of time, as the Osteochondritis worsens, then changes begin to appear on the
The classification of osteochondritis dessicans is important because the prognosis (expected outcome) and treatment options are often linked to the severity of the osteochondritis dessicans. Typically, the injury classification is from stage 1through stage 4. As the severity of the injury progresses, the stage increases with stage 4 osteochondritis dissecans being the worst. Although the classification is often based upon the x-ray appearance, the abnormalities noted on x-ray may not always be completely accurate.
In the following series of drawings, the ankle has undergone a twisting injury the results in the progressive stretching of the medial ankle ligament (deltoid ligament). By stage 2, the ligament has torn. As the twisting force is applied to the talus, the articular surface of the talus hits the tibia. A this occurs with progressively greater force, the talus bone sustains progressively greater damage as indicated by the development of a bigger fracture line and eventually a loose body (bonechip, osteochondral fragment),
Stage 1: This is the most minor abnormality. Typically,
there has been an injury to the articular surface of the talus. Although an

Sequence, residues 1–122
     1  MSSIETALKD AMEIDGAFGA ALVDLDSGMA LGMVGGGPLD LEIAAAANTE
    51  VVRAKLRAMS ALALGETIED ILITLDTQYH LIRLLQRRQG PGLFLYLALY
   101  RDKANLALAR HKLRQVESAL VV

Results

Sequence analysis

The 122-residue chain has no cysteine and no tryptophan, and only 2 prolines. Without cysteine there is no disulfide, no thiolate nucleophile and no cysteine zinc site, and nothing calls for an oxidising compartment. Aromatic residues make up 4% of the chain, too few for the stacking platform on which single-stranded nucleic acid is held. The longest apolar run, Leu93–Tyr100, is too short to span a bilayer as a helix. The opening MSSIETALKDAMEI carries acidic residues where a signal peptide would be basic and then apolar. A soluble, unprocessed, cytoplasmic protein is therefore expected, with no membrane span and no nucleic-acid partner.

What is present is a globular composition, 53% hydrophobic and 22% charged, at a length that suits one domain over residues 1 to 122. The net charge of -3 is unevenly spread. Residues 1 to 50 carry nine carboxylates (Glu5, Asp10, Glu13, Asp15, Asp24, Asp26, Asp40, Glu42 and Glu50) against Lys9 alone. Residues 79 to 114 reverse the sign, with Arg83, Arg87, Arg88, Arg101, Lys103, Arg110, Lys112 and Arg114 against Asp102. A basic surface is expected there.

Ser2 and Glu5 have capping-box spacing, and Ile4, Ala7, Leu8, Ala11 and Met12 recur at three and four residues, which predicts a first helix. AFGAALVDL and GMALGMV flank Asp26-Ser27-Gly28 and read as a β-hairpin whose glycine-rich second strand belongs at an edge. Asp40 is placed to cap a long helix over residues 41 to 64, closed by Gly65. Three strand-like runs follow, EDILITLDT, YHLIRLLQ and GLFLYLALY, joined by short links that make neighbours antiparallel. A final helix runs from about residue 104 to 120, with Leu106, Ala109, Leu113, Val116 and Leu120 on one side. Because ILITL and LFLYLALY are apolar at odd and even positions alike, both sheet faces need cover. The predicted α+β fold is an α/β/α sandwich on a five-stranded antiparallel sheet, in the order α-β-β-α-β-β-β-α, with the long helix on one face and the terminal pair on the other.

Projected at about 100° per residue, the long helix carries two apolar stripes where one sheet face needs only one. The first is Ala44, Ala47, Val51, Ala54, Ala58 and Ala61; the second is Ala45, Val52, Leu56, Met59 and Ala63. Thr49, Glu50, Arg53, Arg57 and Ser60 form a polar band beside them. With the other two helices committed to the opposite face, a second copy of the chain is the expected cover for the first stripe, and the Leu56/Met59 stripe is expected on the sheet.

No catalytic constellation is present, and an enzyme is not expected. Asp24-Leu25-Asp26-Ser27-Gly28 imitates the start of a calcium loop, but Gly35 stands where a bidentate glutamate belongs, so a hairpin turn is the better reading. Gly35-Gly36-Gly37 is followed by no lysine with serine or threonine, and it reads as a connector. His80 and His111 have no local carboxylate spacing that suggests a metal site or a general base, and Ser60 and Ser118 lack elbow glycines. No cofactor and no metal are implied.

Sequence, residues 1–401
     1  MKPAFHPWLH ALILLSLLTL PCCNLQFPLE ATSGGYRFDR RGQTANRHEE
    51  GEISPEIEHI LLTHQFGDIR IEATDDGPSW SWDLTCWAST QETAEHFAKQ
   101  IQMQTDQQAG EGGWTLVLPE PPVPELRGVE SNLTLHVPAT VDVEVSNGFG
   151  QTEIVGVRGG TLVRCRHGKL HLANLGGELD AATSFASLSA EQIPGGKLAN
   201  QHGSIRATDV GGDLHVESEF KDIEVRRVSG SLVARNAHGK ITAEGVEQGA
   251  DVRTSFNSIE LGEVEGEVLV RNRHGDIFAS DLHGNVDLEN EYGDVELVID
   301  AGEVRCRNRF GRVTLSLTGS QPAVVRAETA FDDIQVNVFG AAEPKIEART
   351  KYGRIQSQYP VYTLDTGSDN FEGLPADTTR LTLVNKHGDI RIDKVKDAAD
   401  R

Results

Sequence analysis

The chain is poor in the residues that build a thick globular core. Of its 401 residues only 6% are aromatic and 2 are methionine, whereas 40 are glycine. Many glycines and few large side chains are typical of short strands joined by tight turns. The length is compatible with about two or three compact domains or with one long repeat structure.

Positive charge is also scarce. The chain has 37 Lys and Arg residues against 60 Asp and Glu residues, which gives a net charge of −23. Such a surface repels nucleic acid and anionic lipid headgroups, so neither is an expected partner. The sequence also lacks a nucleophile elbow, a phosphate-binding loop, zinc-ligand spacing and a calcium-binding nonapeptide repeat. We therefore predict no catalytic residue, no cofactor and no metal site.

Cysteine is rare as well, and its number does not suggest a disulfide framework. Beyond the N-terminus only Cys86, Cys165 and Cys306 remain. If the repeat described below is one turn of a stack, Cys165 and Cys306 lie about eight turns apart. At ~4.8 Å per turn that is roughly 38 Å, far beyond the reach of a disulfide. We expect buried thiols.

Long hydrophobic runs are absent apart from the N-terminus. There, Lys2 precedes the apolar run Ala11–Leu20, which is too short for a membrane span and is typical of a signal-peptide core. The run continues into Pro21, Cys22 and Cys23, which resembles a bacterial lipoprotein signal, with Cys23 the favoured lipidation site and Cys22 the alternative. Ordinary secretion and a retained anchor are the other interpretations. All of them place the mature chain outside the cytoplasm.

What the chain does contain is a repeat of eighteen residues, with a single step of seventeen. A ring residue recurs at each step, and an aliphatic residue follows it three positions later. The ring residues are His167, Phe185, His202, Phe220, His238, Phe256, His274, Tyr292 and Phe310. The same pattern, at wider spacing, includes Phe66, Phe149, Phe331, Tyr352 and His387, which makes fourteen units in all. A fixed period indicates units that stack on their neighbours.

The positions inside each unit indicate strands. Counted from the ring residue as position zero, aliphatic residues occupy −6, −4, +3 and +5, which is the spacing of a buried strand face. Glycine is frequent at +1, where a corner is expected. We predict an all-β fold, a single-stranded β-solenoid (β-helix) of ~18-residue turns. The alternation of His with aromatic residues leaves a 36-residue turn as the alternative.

injury has occurred to the articular surface, no significant disruption of the
bone has taken place.
Stage 2: As the injury
increases, a hairline crack begins
to appear in the talus, just beneath the articular surface. The crack (or
fracture line) is incomplete. This means that it does not completely extend from
one side of the injury to the other side.
Stage 3: The incomplete fracture line has now progressed
to completely separate the fragment. However, the fragment remains in its place
on the surface of the talus.
Stage 4: Now the fragment has broken loose and changed position so that it is no longer in the defect on the talus.
The treatment depends on the age of the patient, the circumstances of the injury, and the type of bone damage. A simple bone contusion (bruise) would be treated differently then a detached bone fragment. The treatment options may vary from simply being on crutches to being casted to having surgery. The surgical procedures used to treat osteochondritis dissecans may involve removing the fragment, attempting to reattach the fragment, drilling the underlying bone to promote blood flow, or some combination of these procedures. Obviously, the exact treatment and procedure needs to be individualized to the patient, the type of bone injury, and the location of the bone injury.